Pent-up demand for dollars may push Nigeria’s naira at least 20 percent weaker when the central bank allows the currency of Africa’s biggest economy to float freely on Monday, said analysts including Renaissance Capital Ltd. and Exotix Partners LLP.
Demand for foreign currency has built up to about $3 billion since capital controls were imposed 15 months ago to defend the currency’s peg of 197-199 per dollar, according to Chapel Hill Denham Securities Ltd. Even as the naira weakens, local stocks may extend the best three-day rally since April 2015 in anticipation of a return by foreign investors and as the risk of exclusion from global indexes fades. Banks may gain as the policy change allows them to profit from foreign-exchange volatility and boost trading income, analysts at Exotix said.
“We think the rate will be around 250 or 260 per dollar” when the naira starts trading on the interbank market, said Tajudeen Ibrahim, head of equity research at Lagos-based Chapel Hill Denham. The central bank will probably help clear demand by selling dollars, he said, moderating potential volatility.
Central bank Governor Godwin Emefiele announced the end of the currency peg on June 15, surprising analysts who had expected the oil producer to turn to a two-tiered system with tighter controls on the exchange rate. Nigeria has held the peg since March 2015, spending about $2.7 billion — 9.3 percent of its foreign reserves — on the measure this year, even as other oil exporters devalued their currencies as crude prices slumped by more than half since 2014.
Three-month non-deliverable naira forwards jumped to a record 333 per dollar on June 15 after Emefiele announced the changes. On the black market, dollars changed hands for 350 naira on Friday, Lagos-based Everdon Bureau de Change said by e-mail.
The naira could start trading at 260 per dollar, potentially weakening to 390 by year-end, before retracing, Renaissance said in a June 16 note.
“We never imagined a free-floating naira,” Johannesburg-based analyst Yvonne Mhango said. “This will release a pressure valve for the economy. We see the economy beginning to thaw and green shoots emerge possibly as soon as a year from now. Before then, we believe the macro picture will deteriorate.”
The naira could initially weaken beyond 300 to the dollar, before reaching “fair value” of 280 to 290, said Alan Cameron, London-based economist at Exotix.
Investment into Nigeria has shriveled as foreigners are deterred by capital controls, while local businesses have struggled to import raw materials and equipment. International carriers including United Airlines and Iberia have halted operations in the West African country, saying they couldn’t move revenue out.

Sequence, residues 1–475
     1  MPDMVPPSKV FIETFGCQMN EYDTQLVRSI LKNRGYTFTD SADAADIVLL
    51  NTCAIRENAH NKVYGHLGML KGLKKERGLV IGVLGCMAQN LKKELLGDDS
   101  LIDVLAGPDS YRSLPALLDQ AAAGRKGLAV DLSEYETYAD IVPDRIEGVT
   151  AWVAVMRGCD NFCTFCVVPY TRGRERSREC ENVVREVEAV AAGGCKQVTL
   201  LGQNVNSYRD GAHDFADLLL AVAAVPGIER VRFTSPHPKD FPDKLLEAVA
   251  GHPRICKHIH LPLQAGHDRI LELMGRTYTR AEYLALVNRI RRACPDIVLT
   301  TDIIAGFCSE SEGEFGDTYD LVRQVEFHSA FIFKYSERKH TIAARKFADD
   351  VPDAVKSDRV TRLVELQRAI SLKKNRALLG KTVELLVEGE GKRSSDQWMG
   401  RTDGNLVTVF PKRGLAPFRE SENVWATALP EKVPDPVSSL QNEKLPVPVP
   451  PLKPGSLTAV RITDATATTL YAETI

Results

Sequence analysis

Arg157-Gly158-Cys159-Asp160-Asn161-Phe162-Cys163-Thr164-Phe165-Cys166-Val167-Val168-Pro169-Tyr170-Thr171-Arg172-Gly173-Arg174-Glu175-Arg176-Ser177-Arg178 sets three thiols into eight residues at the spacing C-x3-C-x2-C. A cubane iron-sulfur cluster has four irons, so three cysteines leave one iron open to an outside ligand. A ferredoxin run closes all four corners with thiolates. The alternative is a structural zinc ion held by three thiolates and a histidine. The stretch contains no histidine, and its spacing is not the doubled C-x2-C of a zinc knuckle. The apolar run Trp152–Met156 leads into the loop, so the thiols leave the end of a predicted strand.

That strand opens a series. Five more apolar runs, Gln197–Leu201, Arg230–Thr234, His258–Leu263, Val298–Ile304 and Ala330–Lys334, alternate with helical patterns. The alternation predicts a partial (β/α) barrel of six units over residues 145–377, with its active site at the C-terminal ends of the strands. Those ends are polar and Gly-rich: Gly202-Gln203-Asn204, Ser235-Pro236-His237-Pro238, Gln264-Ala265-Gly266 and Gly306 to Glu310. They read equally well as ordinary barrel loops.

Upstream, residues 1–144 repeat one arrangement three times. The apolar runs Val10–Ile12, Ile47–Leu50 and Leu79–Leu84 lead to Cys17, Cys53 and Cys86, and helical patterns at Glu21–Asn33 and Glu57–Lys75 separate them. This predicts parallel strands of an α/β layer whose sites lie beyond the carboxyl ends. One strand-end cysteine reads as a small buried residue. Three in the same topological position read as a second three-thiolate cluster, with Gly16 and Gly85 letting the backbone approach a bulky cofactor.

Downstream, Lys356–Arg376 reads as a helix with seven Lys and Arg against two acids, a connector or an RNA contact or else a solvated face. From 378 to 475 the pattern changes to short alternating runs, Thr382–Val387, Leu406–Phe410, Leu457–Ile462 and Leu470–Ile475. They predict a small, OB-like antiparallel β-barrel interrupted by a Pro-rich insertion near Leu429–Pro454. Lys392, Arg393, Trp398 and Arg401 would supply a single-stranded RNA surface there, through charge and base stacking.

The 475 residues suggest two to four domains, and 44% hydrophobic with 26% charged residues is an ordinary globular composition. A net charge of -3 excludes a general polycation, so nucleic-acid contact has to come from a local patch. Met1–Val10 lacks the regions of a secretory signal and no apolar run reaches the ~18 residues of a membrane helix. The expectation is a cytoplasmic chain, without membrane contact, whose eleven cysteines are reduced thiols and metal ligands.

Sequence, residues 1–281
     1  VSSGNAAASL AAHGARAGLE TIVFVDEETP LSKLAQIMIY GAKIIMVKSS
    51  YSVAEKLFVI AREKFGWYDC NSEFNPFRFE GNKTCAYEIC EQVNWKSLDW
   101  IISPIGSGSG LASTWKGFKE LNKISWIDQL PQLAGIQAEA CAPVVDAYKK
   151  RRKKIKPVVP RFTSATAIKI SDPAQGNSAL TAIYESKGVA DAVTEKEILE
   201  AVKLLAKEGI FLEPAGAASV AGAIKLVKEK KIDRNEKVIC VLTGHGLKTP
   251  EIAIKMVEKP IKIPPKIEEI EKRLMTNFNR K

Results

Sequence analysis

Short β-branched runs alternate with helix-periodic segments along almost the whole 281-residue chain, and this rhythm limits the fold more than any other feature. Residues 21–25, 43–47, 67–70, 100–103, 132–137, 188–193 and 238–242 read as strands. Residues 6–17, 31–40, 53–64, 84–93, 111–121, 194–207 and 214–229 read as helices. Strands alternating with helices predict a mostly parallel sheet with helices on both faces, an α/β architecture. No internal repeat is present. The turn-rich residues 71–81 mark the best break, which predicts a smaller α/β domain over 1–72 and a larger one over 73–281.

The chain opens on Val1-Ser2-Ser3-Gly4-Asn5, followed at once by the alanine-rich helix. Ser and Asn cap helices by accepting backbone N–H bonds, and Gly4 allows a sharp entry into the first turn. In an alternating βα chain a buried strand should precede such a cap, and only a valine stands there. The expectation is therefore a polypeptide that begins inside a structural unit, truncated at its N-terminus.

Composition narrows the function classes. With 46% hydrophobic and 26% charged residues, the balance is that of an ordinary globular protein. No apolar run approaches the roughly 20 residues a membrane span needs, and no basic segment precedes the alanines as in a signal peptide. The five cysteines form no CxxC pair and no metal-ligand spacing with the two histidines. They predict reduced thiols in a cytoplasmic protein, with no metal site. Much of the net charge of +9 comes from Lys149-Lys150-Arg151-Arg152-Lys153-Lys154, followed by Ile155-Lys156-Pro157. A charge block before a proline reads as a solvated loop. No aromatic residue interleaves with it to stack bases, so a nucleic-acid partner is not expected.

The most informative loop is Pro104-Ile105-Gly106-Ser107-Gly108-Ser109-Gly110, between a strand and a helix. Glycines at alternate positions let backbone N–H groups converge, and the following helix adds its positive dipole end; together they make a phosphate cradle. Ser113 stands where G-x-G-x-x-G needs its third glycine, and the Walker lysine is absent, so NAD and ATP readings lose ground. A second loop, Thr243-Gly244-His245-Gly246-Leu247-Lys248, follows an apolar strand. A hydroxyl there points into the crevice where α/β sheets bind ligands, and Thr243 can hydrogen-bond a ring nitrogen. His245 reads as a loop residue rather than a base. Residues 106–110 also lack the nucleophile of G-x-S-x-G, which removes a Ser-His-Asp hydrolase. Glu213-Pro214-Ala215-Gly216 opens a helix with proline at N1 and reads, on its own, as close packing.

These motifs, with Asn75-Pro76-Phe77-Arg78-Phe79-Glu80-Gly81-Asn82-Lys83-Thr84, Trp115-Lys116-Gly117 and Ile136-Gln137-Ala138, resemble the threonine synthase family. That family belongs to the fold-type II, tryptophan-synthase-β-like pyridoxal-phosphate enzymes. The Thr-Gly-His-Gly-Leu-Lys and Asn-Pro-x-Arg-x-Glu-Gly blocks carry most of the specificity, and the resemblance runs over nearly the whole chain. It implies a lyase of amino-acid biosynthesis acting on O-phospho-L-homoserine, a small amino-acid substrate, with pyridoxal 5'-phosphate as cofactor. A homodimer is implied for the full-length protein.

“We see a lot of volatility from high dollar demand, because as of today, if you get 10 percent of your request you’re lucky,’’ Olubunmi Asaolu, an analyst at Lagos-based FBN Quest said by phone. While the naira could stabilize at about 290 per dollar, any move toward 350 “will cause mayhem” and prompt the central bank to moderate the drop by supplying additional greenbacks.
The central bank will select a group of around 10 primary dealers through which the naira will be traded. There will only be one official exchange rate and the bank will intervene in the market to buy or sell foreign exchange “as the need arises,” Emefiele said as he unveiled the new policy.
Demand for dollars won’t be satisfied on Monday alone and may take more than a week to clear, said Ibrahim at Chapel Hill. It might also be a while before buyers from abroad feel confident enough to acquire Nigerian assets, he said.
“The new market will start off slowly as investors will initially be cautious as they try to understand it,” Ibrahim said. “We’re unlikely to see foreign investors coming back very quickly. They’ll take their time. It might be a couple of weeks before we see new foreign money being invested.”
Heineken NV, which controls Nigeria’s largest brewer, views a rate of 250 to 280 naira per euro and 283 to 316 per dollar as “not that bad,” said Chief Financial Officer Laurence Debroux. Not having access to hard currency has been an obstacle to operating in Nigeria and a return of liquidity in Africa’s most-populous nation would be “great,” he told a June 16 investor meeting.
Three-month non-deliverable naira forwards rose 1.6 percent to 320 per dollar on June 17, suggesting traders expect the Nigerian currency to trade around that level in the market. Stocks climbed 2.7 percent on June 17, capping an 8.2 percent three-day rally, the best since April 2015. The yield on Nigeria’s 2023 dollar bonds dropped 4 basis points to 7.2 percent, after debt gained the most since 2014 on June 15.
The turnabout in foreign-exchange policy came after gross domestic product contracted in the three months through March for the first time since 2004 and inflation accelerated to 15.6 percent in May. MSCI Inc. said June 15 — before the central bank’s announcement — it may drop Nigerian stocks from its Frontier Markets Index because of capital-mobility issues.
To help reduce currency volatility, the central bank will introduce over-the-counter naira futures trading, which would move non-urgent foreign-exchange demand from the spot to the derivatives market, Emefiele said. There will be no pre-determined spread on spot transactions, he said.
Investors may remain wary of buying naira assets given that Nigeria’s oil production, which accounts for the vast bulk of export earnings, has plummeted since February to an almost 30-year low because of an upsurge of militant attacks on crude and gas pipelines.